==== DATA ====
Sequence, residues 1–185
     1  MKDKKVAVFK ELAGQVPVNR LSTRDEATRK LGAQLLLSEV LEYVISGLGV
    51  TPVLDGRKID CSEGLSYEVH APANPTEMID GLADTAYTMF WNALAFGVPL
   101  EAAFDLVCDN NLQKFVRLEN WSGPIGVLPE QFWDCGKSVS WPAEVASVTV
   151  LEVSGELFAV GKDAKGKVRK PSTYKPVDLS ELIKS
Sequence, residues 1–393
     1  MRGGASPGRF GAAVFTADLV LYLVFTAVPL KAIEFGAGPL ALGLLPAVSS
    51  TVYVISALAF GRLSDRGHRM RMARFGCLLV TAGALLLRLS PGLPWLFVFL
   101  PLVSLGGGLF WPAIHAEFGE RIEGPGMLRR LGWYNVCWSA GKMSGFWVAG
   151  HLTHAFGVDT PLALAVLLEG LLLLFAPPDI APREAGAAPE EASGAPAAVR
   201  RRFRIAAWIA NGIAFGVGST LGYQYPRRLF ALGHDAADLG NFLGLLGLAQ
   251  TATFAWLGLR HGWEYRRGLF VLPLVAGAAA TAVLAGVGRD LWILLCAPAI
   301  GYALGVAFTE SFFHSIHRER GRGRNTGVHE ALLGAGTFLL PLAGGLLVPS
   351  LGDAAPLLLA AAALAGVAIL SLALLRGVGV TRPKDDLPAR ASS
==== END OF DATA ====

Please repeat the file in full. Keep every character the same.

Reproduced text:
Sequence, residues 1–185
     1  MKDKKVAVFK ELAGQVPVNR LSTRDEATRK LGAQLLLSEV LEYVISGLGV
    51  TPVLDGRKID CSEGLSYEVH APANPTEMID GLADTAYTMF WNALAFGVPL
   101  EAAFDLVCDN NLQKFVRLEN WSGPIGVLPE QFWDCGKSVS WPAEVASVTV
   151  LEVSGELFAV GKDAKGKVRK PSTYKPVDLS ELIKS
Sequence, residues 1–393
     1  MRGGASPGRF GAAVFTADLV LYLVFTAVPL KAIEFGAGPL ALGLLPAVSS
    51  TVYVISALAF GRLSDRGHRM RMARFGCLLV TAGALLLRLS PGLPWLFVFL
   101  PLVSLGGGLF WPAIHAEFGE RIEGPGMLRR LGWYNVCWSA GKMSGFWVAG
   151  HLTHAFGVDT PLALAVLLEG LLLLFAPPDI APREAGAAPE EASGAPAAVR
   201  RRFRIAAWIA NGIAFGVGST LGYQYPRRLF ALGHDAADLG NFLGLLGLAQ
   251  TATFAWLGLR HGWEYRRGLF VLPLVAGAAA TAVLAGVGRD LWILLCAPAI
   301  GYALGVAFTE SFFHSIHRER GRGRNTGVHE ALLGAGTFLL PLAGGLLVPS
   351  LGDAAPLLLA AAALAGVAIL SLALLRGVGV TRPKDDLPAR ASS